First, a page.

Author Topic: Greek pizza  (Read 91735 times)

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Offline wrm2012

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Re: Greek pizza
« Reply #520 on: May 01, 2013, 06:58:39 AM »
I’m not sure how I could lift the edge as the cheese and sauce are put on right up to the edge of the pan.  Could be kind of a mess and I really don’t want to mess with the crispy cheese at the edge as I really like it.  So I made a BBQ chicken last night and cooked it at 500 degrees with out a stone for 10 min.  It turned out just about perfect.  You know I’m going to have to try a preheated stone now right? :)   Still useing the recipe in reply #20 and a 16 inch pan.  I used half mozzarella and half cheddar, sweet Baby Rays, left over grilled chicken from the night before, and red onions.  It was one of my best.  Anyone else notice after the dough has been left in the pan to raise that there is air trapped under the dough?  When I sauce it I can tell there is a bubble under there I lift up the edge and let it out.  I know that it isn’t there when I put the dough into the pan as this time I made sure the dough was pressed down into the pan and no air pockets were there.  Gasses from the yeast maybe?


Offline Ev

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Re: Greek pizza
« Reply #521 on: May 01, 2013, 09:28:25 AM »
Yeah, i know what you mean about lifting the edge, but it can be done with a little practice and if you're careful.
Your BBQ chicken pie sounds good. Maybe some pics next time, huh? ;) :angel:
You're probably right about the bubbles under the dough being from the yeast activity, and that's something else that needs to be watched while the pie is baking. I once left a pie alone in the oven for 10 minutes only to find that the cheese and oil around the edge had formed a perfect seal and the entire pie was one big bubble. The top was burned while the whole bottom was completely uncooked. :( >:( :'( :-D

Offline wrm2012

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Re: Greek pizza
« Reply #522 on: May 01, 2013, 09:49:27 AM »
Thanks Ev. Well my son did take a pic of it and it is on his Ipod.  I'll try and post it after he gets back from school.   
« Last Edit: May 01, 2013, 09:53:04 AM by wrm2012 »

Offline wrm2012

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Re: Greek pizza
« Reply #523 on: May 06, 2013, 08:06:14 AM »
Ok here is the pic of the BBQ chicken and onion.  Pic thanks to my 10 year old and his Ipod.

Offline ealmon

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Re: Greek pizza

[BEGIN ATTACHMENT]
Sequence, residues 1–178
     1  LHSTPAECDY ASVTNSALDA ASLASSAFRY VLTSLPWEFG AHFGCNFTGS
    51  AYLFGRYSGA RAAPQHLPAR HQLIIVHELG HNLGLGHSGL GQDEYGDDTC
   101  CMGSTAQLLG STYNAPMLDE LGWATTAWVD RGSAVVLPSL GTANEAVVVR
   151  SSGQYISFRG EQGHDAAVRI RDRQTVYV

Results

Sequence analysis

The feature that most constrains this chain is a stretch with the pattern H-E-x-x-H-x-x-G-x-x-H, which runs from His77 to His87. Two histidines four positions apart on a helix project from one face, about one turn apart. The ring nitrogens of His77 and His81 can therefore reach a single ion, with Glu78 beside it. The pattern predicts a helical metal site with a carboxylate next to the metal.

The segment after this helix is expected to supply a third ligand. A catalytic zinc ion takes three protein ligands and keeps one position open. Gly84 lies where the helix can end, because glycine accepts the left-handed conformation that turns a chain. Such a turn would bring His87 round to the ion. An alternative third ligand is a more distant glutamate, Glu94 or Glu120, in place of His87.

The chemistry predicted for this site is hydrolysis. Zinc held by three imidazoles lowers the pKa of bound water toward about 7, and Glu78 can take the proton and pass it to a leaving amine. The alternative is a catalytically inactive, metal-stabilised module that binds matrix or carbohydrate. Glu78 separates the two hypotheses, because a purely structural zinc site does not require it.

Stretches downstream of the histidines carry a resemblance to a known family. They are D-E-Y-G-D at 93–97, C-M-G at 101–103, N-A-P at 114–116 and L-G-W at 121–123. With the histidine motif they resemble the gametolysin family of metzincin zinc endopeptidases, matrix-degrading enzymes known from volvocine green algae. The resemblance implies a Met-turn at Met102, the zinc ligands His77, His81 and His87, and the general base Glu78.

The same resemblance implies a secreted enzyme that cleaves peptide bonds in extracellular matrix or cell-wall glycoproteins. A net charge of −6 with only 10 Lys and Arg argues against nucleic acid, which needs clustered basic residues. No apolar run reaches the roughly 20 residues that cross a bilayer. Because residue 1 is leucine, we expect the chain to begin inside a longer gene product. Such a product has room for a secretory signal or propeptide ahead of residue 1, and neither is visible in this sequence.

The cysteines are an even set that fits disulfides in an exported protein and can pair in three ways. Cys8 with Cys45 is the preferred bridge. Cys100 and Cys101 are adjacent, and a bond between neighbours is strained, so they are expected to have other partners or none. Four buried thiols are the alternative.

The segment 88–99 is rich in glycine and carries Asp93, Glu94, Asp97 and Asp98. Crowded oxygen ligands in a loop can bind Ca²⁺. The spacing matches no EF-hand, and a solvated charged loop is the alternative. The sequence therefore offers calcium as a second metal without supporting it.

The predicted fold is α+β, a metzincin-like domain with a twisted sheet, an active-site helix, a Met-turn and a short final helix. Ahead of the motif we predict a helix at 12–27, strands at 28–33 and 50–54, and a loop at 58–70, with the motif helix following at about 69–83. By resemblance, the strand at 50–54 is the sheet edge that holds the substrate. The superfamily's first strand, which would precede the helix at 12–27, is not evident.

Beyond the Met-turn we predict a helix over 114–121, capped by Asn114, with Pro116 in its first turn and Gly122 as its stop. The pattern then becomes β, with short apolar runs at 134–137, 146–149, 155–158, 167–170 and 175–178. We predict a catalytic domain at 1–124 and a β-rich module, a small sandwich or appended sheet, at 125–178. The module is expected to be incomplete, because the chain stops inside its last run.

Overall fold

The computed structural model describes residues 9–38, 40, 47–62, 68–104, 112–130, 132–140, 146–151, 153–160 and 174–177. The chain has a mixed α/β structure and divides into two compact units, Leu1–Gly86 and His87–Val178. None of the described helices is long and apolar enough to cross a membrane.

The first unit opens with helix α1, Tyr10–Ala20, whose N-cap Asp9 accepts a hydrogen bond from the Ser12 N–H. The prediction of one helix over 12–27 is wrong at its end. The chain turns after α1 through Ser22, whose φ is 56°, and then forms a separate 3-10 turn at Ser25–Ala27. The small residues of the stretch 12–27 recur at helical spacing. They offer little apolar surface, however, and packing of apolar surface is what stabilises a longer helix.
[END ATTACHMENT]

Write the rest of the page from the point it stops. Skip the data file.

« Reply #524 on: May 24, 2013, 01:58:20 PM »
Made my first couple pizza's.  Trying to replicate Lynwood Cafe.  The pizzas were tasty but not Lynwood yet...probably never, but I'll keep trying.  Thanks for all the info from this board getting me off to a good start!

The dough was cold fermented 3 days, and then allowed to rise for 1 hr. at room temp before shaping, then allowed to rise another 2 hrs. in the pan before dressing.  Pretty happy with the dough, although it seemed a bit more airy than than the style I'm going for.  Sauce was good, but next time I'll try without the Thyme which my wife found to be too much.  I thought the sauce and cheese were a bit too thin, so next time I'll try 1/2 cup sauce and 1 cup cheese per pizza.

Dough: (8oz. dough ball per 10” pizza)
Flour (100%):    523.94 g  |  18.48 oz | 1.16 lbs
Water (40%):    209.58 g  |  7.39 oz | 0.46 lbs
IDY (.4%):    2.1 g | 0.07 oz | 0 lbs | 0.7 tsp | 0.23 tbsp
Salt (1.75%):    9.17 g | 0.32 oz | 0.02 lbs | 1.64 tsp | 0.55 tbsp
Olive Oil (1%):    5.24 g | 0.18 oz | 0.01 lbs | 1.16 tsp | 0.39 tbsp
Sugar (2%):    10.48 g | 0.37 oz | 0.02 lbs | 2.63 tsp | 0.88 tbsp
Milk (fresh) (20%):    104.79 g | 3.7 oz | 0.23 lbs | 6.99 tbsp | 0.44 cups
Eggs, large (8%):    41.92 g | 1.48 oz | 0.09 lbs | 8.28 tsp | 2.76 tbsp
Total (173.15%):   907.2 g | 32 oz | 2 lbs | TF = N/A
Single Ball:   226.8 g | 8 oz | 0.5 lbs

Sauce:
•   recipe:
o   28 oz. can 6 in 1 tomatoes
o   ½ teaspoon garlic salt
o   1 teaspoon thyme
o   ½ teaspoon oregano
o   Ό teaspoon rosemary
o   1 ½ tablespoons olive oil
o   ½ teaspoon sugar
o   ½ teaspoon black pepper
•   dampen all spices and microwave for 2 minutes on low
•   add to tomatoes and blend until smooth
•   refrigerate overnight
•   1/3 cup ladled onto dough

Cheese:
•   Pizza 1: 50% sargento 4 state cheddar (1/3 cup), 50% sargento mozzarella (1/3 cup)
•   Pizza 2: 100% sargento mozzarella (2/3 cup)

Topping:
•   Pepperoni (Carando thick slice) – both pizzas

Cook time/temp:
•   Preheat oven and stone for 1hr @ 500
•   Cook 10 minutes or until cheese starts to brown


Offline Marvin

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Re: Greek pizza
« Reply #525 on: May 24, 2013, 03:52:10 PM »
the pies look  great
so there is enough dough for 4- 10"  pizza's ?
and would you say maybe half tsp thyme ?
my wife likes the greek will have to try this.
thanks Marvin
« Last Edit: May 24, 2013, 03:56:51 PM by Marvin »

Offline ealmon

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Re: Greek pizza
« Reply #526 on: May 24, 2013, 05:39:27 PM »